And, honestly, I think the kids got it right. Any time I try to set my autism on one side and heap all my troubles over there with it and set “me” on the other side and heap all my joys there, I get a massive cognitive dissonance headache. It can take a long time to get there, but help those newly-aware parents learn that autism is not something their child has; it is something their child is. Help them shift their perspective so that they don’t fall into the trap of hating autism and loving their child because that’s a Gordion knot that gets harder to cut through the longer it is being knotted together. If you try to stick a sword into that, you’re inevitably going to cut your child because it is impossible to find the place where autism ends and the child begins. Because that place isn’t there. There is a reason the medical books call autism “pervasive.” It is in every part of a person — there is no part of me that is not Autistic. My brain is an autistic brain and everything I know, see, taste, hear, think, remember, hope, wish, feel, and do comes from that autistic brain. Help the newly-aware parents understand that if they love their child (and you know they do!) they are loving an Autistic child and that’s a good thing.

Early intervention is so crucial for future success. The faster we can get to those newly-aware parents, the more quickly we can soothe their fears, lead them to acceptance, help them to see the joy that they are inheriting from their children every day. Sure, it will be hard — all parenting is. Yes, there are things they can do to increase their child’s chances of success. But they need to be canny and learn as quickly as possible that not every professional has their child’s best interests at heart. They can be choosy and only take those therapies and lessons that help their child to grow strong and healthy. If we can get to those newly-aware parents as quickly as possible, we can save their children a lot of suffering and the parents a lot of grief and guilt. As Megen said, “early identification is so important!” And it is because we have the best chance when we can all help newly-aware parents with the early intervention they need so badly in order to thrive and to help their children thrive.

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9 responses to this post.

  1. […] Source: Early Intervention […]

  2. Fantastic. Yes. My son is not autistic, but is not neurotypical. It was a lot of work to figure out how his brain worked and the best ways to deal with behavioural and educational issues to his best advantage. My search for answers and in depth research was not to ‘make him normal’, but to figure out how to help him to learn and to navigate life successfully as the person he is.

  3. Wonderfully upbeat post, thanks, and such good advice!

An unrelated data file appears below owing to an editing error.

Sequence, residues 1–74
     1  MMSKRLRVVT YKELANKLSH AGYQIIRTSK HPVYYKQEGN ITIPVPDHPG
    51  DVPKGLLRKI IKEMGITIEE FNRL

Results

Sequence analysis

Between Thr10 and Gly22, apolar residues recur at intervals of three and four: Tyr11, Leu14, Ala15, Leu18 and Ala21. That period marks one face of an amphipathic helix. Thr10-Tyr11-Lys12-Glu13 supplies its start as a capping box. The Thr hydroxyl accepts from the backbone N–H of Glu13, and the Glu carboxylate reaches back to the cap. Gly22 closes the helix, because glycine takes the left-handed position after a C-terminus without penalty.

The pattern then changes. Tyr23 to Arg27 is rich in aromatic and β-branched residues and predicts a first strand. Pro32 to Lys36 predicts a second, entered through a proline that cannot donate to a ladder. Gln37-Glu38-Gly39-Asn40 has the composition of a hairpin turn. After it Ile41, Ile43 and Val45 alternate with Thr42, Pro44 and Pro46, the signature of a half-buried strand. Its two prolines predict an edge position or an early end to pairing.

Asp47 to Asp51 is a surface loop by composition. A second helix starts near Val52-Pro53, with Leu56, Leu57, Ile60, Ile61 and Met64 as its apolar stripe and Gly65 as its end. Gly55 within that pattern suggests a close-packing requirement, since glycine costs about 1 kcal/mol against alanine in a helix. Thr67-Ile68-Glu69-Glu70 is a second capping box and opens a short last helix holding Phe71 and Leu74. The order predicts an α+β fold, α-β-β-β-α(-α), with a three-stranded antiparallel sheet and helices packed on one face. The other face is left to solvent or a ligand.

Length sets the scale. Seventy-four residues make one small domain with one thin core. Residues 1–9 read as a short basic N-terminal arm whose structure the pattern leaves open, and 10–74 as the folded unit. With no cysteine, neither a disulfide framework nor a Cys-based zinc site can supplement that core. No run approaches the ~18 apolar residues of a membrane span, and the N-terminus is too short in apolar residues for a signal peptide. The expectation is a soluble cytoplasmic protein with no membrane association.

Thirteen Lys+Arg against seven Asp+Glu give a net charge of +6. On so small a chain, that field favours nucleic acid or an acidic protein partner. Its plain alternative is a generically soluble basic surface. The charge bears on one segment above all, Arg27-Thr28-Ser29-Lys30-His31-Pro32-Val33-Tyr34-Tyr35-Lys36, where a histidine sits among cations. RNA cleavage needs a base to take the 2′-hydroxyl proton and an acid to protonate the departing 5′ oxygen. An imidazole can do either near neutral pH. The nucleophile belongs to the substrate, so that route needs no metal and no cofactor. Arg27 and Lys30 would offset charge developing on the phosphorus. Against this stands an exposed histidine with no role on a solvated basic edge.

4. Love this post and so much truth and wisdom here. Could this be a follow up somehow attached to DOAM’s “Welcome to the Club”? That would be fabulous.

  5. Wow–this is an amazing blog! Can I share some things with you and (hopefully) get your feedback?

    We are parents of two boys (8 and 6) with sensory processing challenges. It is much more pronounced in our youngest, who has been getting an hour of OT each week since he was 2. He is diagnosed SPD.

    He is a “seeker” and has some dyspraxia. He just entered the public school system in Kindergarten with an IEP. Early reports are all positive, after a summer of pretty horrible temper tantrums that had us both extremely worried. He is sociable, does decent eye contact (probably better than me most of the time!) is into imaginative play and is extremely verbal. My wife and I have both noticed some big changes just in the last 3 months or so, all for the positive.

    He is a thumb sucker. But I’ve noticed he doesn’t do it when he’s getting “good” input from other sources, like when we are doing an activity or taking a family walk. He tends to do it more when he is tired or watching tv.

    Just recently, he has decided to create a series of “comic books” he calls “The Stinkers.” It started when he tried to make a Birthday card for someone and got frustrated that he couldn’t draw the heart. He had the idea, totally on his own, to turn the heart into a character called a “stinker.” It has a tail like a bumblebee, arms and legs, and a face that is always smiling. Think of it as a heart-shaped Minion.

    Now, he’s making these little Stinker books (big construction paper fold in half) for us every day, and introducing new characters (Stinkers + Minions, Stinkers + Family members, and this morning, Stinker + Minions vs. a dragon). The cutest thing is that he want us to give him “book reviews” for them, so my wife and I write notes giving him “4.5 stars” or a “10/10” rating.

    We’re still not sure exactly of his neurologic status. He has not been formally diagnosed ASD–his pediatrician poo-pooed the idea. He has pretty much hit his milestones. But he definitely has some issues with self-regulation, sensory integration, and social cueing.

    My wife is an OT who stopped working in to focus on raising both of our boys. She is AMAZING. She has raised them with such incredible love, kindness, and empathy….while also helping them on tasks.

    Now, I find myself wondering….did we make mistakes? Should we have done the formal behavioral therapies starting an early age? Did we cop out by just doing an hour of OT per week? Is there more we should be doing even now? Or is it “too late?” There are so many conflicting messages out there about interventions, and we aren’t even sure what exactly we are dealing with.